The error in admitting the statement was grossly prejudicial to Carde and in and of itself calls for a reversal as to him. Since his confession fully implicated his codefendant, Rodriguez, its erroneous reception also requires reversal of the latter's conviction "in the interest of justice." ( People v. Waterman, 9 N.Y.2d 561, 567, supra; People v. Noble, 9 N.Y.2d 571, 575.)

This is dispositive of the appeal, but, since a number of the questions now advanced on behalf of Rodriguez — ranging from the invalidity of the indictment to the incompetence of an interpreter — will be raised again upon the new trial, we deem it desirable to treat them briefly.

There is nothing to the contentions directed at the superseding indictment. Rodriguez and Carde were jointly indicted in February of 1961. The trial judge granted a motion made by Carde to dismiss the indictment against him on the ground that he was prejudiced by the introduction of inadmissible evidence before the grand jury and directed resubmission of the case to another grand jury. The district attorney, to assure a joint trial, thereupon resubmitted the case against Rodriguez as well as Carde and, in June of 1961, that body voted another indictment, identical to the earlier one charging both defendants jointly with the murders. Rodriguez demurred to the indictment, claiming (in effect), first, that no court order had been obtained to permit resubmission of the case against him and, second, that procuring the new indictment violated his right to a speedy trial. He also moved for an inspection of the grand jury minutes or, in the alternative, for a dismissal of the indictment on the ground that it was not founded on legal or adequate evidence. The court overruled the demurrer and denied the motion for inspection and dismissal.

Mere statement of the speedy trial point indicates its lack of merit and, with respect to the claim that the evidence before the grand jury was insufficient, we need merely say that our examination of the grand jury minutes reveals the contention to be without substance. As to the argument that a court order was necessary to justify a resubmission, we may be almost as brief. Such an order is made essential by statute only if an earlier indictment had been dismissed upon demurrer under section 323 of the code (see Code Crim. Pro., § 327) or upon motion under section 313 (see Code Crim. Pro., § 317) or following the grand jury's refusal to indict upon a prior submission (see Code Crim. Pro., § 270). Since there had been neither a court dismissal of the indictment against Rodriguez nor an initial refusal by a grand jury to indict, the district attorney was free to resubmit the case and obtain a superseding indictment without further court direction. (See People v. Leyra, 1 N.Y.2d 199, 202; People v. Rosenthal, 197 N.Y. 394, 401.)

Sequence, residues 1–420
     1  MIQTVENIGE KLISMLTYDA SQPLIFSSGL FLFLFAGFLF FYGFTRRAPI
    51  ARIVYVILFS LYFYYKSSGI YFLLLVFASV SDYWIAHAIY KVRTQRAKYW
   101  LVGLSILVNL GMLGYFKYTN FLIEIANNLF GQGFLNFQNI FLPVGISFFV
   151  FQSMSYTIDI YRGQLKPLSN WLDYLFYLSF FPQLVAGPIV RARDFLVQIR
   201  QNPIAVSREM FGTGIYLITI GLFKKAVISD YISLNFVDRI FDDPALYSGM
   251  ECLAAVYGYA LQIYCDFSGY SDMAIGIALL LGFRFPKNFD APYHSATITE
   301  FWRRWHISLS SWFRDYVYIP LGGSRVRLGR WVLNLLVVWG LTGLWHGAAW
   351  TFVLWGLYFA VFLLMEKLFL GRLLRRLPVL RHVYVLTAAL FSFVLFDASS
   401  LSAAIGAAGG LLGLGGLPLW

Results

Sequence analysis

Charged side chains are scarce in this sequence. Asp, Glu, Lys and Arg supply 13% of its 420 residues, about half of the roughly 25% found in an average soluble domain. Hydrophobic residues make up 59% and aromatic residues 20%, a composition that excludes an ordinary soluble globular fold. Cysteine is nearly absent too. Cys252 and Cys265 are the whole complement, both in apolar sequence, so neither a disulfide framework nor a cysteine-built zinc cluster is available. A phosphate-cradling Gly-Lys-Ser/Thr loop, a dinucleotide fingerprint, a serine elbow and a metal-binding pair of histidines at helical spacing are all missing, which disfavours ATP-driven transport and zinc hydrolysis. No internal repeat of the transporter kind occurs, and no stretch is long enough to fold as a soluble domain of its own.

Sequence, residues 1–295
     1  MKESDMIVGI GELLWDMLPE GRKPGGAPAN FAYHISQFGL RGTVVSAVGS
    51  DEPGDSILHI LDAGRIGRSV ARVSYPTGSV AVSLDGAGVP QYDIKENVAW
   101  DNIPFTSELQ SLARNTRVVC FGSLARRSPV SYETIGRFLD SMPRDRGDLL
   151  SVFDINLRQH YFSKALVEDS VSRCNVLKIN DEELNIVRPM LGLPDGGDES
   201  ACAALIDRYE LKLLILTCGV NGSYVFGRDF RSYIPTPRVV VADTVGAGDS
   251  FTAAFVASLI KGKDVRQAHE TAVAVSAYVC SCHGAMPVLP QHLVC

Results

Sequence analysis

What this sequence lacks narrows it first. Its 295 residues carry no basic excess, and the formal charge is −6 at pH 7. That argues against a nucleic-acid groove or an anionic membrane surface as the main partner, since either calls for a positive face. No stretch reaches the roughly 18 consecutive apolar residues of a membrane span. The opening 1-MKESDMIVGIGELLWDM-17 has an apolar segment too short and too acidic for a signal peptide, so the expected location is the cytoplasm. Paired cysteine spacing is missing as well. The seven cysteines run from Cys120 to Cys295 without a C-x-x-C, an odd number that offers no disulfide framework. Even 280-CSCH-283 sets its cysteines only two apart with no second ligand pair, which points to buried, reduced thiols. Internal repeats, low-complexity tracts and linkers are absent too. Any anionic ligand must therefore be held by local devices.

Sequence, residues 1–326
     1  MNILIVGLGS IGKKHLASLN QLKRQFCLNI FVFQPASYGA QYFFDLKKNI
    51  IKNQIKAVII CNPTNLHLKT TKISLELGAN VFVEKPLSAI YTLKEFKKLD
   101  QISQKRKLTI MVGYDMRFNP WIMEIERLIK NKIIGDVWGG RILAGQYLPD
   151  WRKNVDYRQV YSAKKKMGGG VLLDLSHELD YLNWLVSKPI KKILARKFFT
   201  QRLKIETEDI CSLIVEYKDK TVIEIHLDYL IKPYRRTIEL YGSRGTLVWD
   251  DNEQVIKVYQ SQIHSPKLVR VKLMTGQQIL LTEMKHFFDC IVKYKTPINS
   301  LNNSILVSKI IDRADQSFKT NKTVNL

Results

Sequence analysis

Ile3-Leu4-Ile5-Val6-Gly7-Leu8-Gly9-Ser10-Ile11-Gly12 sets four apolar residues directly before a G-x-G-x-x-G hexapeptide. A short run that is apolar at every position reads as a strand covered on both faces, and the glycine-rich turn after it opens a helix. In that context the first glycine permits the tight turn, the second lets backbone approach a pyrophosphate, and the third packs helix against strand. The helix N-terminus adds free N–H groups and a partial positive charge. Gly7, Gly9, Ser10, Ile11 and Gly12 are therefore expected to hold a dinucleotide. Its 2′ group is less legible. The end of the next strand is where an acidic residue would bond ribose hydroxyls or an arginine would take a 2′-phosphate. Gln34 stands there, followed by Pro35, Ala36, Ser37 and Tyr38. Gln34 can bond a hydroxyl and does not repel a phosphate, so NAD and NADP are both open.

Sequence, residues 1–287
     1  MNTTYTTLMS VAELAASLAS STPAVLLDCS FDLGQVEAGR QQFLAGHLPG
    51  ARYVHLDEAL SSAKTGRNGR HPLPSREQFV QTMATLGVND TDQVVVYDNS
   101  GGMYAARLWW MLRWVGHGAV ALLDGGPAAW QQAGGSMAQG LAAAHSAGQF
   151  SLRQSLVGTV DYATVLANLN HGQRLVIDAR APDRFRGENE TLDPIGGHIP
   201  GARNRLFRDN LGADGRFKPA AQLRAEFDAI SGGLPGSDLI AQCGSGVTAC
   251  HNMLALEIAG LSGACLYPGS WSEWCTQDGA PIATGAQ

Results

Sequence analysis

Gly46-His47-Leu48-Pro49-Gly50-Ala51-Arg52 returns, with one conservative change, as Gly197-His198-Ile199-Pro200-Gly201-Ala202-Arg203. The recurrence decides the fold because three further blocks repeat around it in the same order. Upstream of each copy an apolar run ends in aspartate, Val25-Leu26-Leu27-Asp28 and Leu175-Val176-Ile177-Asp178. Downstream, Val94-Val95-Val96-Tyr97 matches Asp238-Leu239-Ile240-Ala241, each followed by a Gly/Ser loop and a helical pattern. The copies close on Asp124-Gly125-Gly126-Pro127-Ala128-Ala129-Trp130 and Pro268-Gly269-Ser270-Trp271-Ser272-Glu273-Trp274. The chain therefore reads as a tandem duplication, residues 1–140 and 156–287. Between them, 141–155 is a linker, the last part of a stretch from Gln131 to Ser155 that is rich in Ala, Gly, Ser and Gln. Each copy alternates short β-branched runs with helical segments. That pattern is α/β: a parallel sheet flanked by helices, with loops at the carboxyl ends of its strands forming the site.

Upon the trial, and on this appeal, Rodriguez argued that certain statements of his were improperly received in evidence, that he had been induced to confess to the killings after being confronted with a gun and other articles illegally obtained from his room. If, as he asserts, any of his statements were the product or fruit of an illegal search and seizure, they should have been excluded; the rule announced in Mapp v. Ohio ( 367 U.S. 643) renders inadmissible not only the items obtained, but any evidence which stems from their use. As the Supreme Court put it, "The essence of a provision forbidding the acquisition of evidence in a certain way is that not merely evidence so acquired shall not be used before the Court but that it shall not be used at all. * * * If knowledge of [facts] is gained from an independent source they may be proved like any others, but the knowledge gained by the Government's own wrong cannot be used by it in the way proposed." ( Silverthorne Lbr. Co. v. United States, 251 U.S. 385, 392; see, also, Costello v. United States, 365 U.S. 265, 278-280; Walder v. United States, 347 U.S. 62, 64-65; Nardone v. United States, 308 U.S. 338, 340-341.) In short, the exclusionary rule covers not only the evidence illegally obtained, but the product of the unlawful search as well. The underlying rationale is that government may not violate the constitutional guarantee (U.S. Const., 4th Amdt.) and "use the fruits of such unlawful conduct to secure a conviction." ( Walder v. United States, 347 U.S. 62, 64-65, supra.) And, obviously, it matters not that these "fruits" happen to be confessions rather than some other type of evidence. (Cf. Costello v. United States, 365 U.S. 265, 278-280, supra.)